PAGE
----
- projects that spin off outside platform (eg. MIT MediaLab) ( this is also kind of a measure of innovation)
- governance involves everyone
- volunteer participation all over the place
- cordial (civil, tolerant, respectful, etc.) group of individuals
- strive for quality as a group, helping each other along the way
- possible metrics: list activity/participation, participation in weekly calls, # of courses being run, # of active platform users, # of newsletter click-throughs
- peers teach and learn
- everyone contributes something, everyone walks away with something
- individuals take ownership of their learning and support each other
- possible metrics: # of participants and retention, # of courses created, # of courses being actively run
Questions to ask as you go along:
*Do projects that “feel” like success, check out as success according to the metrics?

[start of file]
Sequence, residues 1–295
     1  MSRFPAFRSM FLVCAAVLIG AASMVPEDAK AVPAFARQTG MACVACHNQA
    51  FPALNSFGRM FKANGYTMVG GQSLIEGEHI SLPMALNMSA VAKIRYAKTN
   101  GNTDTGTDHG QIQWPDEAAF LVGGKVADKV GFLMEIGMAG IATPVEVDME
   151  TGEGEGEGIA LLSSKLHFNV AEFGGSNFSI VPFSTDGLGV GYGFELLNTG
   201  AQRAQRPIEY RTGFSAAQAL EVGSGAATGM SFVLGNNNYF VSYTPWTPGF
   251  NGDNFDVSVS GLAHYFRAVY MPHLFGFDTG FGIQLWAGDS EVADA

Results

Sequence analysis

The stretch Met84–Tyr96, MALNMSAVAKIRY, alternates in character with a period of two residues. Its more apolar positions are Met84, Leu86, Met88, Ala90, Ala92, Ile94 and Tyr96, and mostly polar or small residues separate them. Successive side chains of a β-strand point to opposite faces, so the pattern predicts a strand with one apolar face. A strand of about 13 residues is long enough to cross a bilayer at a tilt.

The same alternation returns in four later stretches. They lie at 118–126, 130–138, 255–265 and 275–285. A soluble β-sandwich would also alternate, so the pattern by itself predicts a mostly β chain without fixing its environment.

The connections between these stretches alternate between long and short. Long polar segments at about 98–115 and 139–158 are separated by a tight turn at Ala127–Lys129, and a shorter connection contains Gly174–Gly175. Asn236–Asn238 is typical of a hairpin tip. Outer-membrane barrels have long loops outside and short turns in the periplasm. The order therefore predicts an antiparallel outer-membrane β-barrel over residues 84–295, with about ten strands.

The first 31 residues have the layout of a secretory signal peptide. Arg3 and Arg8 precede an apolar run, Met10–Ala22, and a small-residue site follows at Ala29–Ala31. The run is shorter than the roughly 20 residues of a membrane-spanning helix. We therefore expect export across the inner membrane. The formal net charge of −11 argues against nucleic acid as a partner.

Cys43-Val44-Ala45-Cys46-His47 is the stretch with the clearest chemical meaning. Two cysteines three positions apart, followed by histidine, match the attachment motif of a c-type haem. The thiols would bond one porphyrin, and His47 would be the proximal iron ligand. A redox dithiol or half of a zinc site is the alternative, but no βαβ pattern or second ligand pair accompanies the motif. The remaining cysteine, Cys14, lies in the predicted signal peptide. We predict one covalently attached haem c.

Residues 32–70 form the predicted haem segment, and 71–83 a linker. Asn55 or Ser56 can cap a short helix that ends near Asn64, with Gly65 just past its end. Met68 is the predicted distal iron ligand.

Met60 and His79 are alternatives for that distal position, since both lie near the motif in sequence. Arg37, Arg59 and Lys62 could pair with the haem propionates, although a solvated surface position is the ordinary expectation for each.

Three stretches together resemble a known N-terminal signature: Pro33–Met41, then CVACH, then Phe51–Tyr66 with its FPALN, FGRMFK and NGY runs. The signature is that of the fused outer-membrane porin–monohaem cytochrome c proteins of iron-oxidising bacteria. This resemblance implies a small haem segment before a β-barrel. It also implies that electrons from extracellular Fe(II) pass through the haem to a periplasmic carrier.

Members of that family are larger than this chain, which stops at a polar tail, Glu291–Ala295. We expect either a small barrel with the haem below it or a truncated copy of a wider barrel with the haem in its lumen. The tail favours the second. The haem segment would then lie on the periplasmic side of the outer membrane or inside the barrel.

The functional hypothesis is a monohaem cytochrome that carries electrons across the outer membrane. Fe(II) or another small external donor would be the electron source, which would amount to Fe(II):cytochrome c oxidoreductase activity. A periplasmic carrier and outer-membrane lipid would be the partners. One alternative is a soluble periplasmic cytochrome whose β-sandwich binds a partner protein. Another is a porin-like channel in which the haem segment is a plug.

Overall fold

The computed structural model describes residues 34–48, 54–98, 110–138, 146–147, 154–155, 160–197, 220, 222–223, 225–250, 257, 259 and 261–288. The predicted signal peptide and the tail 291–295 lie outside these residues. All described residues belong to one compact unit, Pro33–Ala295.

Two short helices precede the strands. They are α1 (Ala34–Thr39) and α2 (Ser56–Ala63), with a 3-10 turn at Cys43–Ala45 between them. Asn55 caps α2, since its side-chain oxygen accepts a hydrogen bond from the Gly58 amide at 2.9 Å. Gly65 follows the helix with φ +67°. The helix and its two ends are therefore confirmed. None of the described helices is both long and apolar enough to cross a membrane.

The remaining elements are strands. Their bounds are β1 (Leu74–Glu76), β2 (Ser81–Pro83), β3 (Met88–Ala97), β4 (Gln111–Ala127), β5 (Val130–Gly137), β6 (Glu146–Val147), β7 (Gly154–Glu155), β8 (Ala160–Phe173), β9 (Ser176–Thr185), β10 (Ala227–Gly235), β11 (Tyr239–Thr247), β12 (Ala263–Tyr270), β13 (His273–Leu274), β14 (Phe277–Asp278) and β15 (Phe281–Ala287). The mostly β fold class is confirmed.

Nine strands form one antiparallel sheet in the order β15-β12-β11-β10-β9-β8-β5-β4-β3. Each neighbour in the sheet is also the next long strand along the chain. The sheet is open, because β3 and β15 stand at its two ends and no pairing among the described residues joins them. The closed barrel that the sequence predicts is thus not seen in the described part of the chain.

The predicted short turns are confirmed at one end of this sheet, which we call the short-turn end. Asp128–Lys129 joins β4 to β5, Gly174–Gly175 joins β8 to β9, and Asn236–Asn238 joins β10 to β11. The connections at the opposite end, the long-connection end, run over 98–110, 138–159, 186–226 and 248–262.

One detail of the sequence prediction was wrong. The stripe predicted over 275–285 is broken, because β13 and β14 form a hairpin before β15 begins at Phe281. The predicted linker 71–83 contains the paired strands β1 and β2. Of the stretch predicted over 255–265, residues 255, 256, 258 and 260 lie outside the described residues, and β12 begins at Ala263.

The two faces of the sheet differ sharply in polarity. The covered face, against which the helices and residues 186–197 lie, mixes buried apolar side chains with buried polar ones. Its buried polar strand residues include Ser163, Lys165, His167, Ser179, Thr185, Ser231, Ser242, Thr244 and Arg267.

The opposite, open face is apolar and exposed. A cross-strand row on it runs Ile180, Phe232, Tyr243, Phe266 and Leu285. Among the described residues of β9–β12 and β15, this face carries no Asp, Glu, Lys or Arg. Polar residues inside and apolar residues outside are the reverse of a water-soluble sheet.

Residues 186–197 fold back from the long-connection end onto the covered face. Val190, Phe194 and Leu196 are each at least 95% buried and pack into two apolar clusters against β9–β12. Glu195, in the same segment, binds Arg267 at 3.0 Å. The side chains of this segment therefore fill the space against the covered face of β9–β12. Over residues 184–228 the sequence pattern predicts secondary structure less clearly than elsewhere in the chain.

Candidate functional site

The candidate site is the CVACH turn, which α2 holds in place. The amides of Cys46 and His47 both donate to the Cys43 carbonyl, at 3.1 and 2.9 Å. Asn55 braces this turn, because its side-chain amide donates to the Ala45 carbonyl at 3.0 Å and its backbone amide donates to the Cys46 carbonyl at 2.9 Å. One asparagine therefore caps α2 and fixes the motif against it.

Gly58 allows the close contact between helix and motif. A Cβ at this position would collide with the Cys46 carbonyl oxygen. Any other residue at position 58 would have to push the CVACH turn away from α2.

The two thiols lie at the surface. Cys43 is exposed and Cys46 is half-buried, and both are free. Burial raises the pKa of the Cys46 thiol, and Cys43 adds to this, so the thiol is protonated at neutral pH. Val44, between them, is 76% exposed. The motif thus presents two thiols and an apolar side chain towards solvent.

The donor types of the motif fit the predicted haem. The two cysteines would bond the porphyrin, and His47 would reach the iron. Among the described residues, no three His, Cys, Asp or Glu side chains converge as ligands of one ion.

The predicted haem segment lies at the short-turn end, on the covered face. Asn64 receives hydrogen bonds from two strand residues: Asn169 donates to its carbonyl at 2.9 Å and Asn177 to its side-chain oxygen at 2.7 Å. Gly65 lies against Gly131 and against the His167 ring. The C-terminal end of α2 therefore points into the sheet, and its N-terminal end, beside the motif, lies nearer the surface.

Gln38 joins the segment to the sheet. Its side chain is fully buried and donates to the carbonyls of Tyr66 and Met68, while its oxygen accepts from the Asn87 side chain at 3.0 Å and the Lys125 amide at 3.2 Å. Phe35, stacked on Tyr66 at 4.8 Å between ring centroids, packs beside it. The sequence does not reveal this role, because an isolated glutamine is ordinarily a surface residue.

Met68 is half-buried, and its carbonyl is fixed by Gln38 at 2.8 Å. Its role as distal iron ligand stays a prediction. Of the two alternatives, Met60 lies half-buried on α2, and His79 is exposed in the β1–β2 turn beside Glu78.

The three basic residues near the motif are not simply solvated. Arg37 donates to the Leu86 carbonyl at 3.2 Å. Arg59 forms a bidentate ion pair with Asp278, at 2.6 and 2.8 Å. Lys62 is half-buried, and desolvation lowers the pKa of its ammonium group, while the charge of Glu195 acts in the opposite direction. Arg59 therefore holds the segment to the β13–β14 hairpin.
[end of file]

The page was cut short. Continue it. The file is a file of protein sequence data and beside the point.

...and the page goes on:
*Do interesting stories arise from the things we do?
How Did We Do? Applying indicators to past projects
Hewlett assessment work
- Very unique, when we started, nobody was talking about badges yet, and while people understood that evaluating deeper learning (and deeper learning type skills) was important, nobody was doing it. And an assessment framework still doesn’t exist. *Eds note: nothing can be very unique. It is either unique or not. Pedantic rant over*
- How well/ how much is our framework translated into actual assessment/feedback? – Brainspace
- How many learners have we reached with it? – Direct
- How many badges? What type of badges? What is the quality of the badges (ie number of badges that are user-generated vs. P2PU certified / awarded to others
- This feels harder
- “When assessment is feedback, there might be a higher chance for magic?”
- Someone getting a job with a badge would qualify as magic (also impact, but pretty cool impact)
- Highly unique it was a critique/response to the large-scale MOOCs out there
- Super unique: only used OER, leveraged existing resources and services, cost almost nothing to build … runs perpetually
- Not a ton of magic here–we didn’t facilitate a lot of peer interactions
- There was a bit of magic in the openstudy community
- More than 5000 signed up for the first round